Increasing violence in Kannada films worries censor board

October 25th, 2008 - 10:44 am ICT by IANS  

Bangalore, Oct 25 (IANS) An increase in the number of Kannada films glorifying violence is causing concern among censor board officials here who feel the continuing trend could lead to the downfall of the industry.”Unless the rot is stopped, the Kannada film industry may well lose its prominence and will be looked down by its own audiences who are right now coming to see good movies,” said Chandrashekhar, chief of the regional wing of the Central Board of Film Certification.

“Every one in four films censored was given A certificates for being extremely violent,” he added.

Some of the violence-packed films that released this year include Shivaraj Kumar starrer “Maadesha”, Yogi starrer “Nanda Loves Nandita”, Darshan’s “Gaja”, and “Gooli” that has actor Sudeep in the lead.

A study report based on 2007’s Kannada films was released recently and it highlighted the alarming trend of increased violence in movies. Of the 127 films released in 2007, 24 percent were violent compared to four percent in Tamil and 3.5 percent of Telugu films.

“This presents a very bad picture in comparison to the figures obtained from the Telugu and Tamil film industries, which have four and 2.4 percent violent films respectively in 2007,” said Chandrashekhar.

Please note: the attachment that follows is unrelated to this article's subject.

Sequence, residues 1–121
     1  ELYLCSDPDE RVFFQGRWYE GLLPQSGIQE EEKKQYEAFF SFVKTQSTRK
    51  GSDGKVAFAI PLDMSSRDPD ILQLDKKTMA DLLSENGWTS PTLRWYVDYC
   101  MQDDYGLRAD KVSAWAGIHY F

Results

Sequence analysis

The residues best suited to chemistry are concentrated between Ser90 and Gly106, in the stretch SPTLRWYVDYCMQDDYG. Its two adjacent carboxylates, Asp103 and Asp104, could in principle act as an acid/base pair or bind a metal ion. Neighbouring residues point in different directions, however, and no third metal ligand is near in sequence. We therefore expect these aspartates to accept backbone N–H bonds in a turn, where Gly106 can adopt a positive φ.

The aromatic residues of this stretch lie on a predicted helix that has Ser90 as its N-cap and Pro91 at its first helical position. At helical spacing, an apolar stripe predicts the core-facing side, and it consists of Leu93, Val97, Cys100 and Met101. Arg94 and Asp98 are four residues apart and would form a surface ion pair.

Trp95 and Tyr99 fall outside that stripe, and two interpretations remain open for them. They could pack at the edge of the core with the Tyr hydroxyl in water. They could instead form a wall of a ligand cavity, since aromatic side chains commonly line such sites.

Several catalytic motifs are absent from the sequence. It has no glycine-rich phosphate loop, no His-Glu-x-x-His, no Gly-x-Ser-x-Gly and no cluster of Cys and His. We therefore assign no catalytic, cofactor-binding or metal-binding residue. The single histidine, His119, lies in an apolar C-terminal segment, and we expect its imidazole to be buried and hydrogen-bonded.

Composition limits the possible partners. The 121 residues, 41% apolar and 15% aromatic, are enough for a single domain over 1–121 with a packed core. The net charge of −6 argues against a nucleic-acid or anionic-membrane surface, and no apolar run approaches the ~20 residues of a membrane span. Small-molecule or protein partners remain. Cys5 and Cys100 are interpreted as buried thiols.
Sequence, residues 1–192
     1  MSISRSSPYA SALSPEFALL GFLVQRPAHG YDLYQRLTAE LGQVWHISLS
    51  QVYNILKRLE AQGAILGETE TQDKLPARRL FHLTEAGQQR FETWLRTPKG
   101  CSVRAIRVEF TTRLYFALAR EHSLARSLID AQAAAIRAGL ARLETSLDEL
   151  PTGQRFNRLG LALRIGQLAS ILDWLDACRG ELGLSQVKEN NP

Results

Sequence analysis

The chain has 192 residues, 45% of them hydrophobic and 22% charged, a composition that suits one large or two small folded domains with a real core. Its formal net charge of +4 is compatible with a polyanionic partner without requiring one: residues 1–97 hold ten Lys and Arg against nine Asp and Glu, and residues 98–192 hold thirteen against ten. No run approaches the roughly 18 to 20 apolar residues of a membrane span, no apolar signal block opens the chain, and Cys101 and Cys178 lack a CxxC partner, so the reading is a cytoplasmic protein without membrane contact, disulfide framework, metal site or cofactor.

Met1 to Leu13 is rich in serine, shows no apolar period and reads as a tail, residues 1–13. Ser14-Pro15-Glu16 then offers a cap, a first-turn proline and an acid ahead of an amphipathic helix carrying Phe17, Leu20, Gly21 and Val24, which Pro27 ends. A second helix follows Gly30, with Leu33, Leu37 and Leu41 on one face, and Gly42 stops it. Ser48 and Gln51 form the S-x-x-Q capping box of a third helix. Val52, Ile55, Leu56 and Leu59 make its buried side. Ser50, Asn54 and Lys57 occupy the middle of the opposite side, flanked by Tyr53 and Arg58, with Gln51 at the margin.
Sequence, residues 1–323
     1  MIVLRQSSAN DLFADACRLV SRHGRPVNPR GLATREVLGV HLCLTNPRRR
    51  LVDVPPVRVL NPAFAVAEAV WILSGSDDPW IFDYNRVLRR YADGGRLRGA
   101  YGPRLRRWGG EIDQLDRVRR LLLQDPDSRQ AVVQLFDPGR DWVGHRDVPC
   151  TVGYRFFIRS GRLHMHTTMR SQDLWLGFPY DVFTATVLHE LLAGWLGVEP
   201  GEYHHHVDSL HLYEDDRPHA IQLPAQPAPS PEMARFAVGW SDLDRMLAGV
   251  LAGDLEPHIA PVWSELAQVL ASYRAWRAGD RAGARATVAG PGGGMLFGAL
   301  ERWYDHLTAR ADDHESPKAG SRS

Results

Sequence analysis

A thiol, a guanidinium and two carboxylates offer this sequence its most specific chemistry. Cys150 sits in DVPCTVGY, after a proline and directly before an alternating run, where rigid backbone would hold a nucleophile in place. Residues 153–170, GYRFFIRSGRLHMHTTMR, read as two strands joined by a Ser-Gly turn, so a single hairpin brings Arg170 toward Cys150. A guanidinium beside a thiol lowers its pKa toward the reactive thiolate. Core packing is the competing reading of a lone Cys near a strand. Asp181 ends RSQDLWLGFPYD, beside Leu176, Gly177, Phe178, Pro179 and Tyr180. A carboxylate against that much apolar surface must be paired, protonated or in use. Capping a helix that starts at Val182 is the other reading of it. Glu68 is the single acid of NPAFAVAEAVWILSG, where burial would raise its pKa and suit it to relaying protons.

Chandrashekhar says filmmakers should try to make quality cinema.

“In the Hindi, Telugu and Tamil film industries, there have been many successful attempts to make crossover films that have shunned subjects like sex and violence. Kannada film producers can try and make meaningful cinema that have good content,” he said.

Till Oct 14, nearly 145 Kannada films have been cleared by the censor board and 20 percent of them were dominated by violence, said Chandrashekhar.

However, despite the increase in number of films produced in Kannada, there has not been a qualitative edge provided to many of these films.

Some producers argue that violence in movies guaranteed good business at the ticket window. But Chandrashekhar disagrees.

“It is a wrong notion to believe that violent films and gangster films ensure good returns to the producer,” the censor board official said quoting media reports that suggest the Kannada film industry has lost over Rs.100 million in the first nine months of this year.

He maintained that increased violence kept audiences away from theatres.

“Cinema today is the third popular medium after television and the Internet. While the two other mediums are growing, the popularity of films is fading only because of the excessive dose of violence.”

According to him, it is high time producers realised that they have to tread a new path instead of patronising violent films.

“Filmmakers are not trying to look for fresh ideas and innovative narration that would give a new fillip to the Kannada film industry,” said Chandrashekhar.

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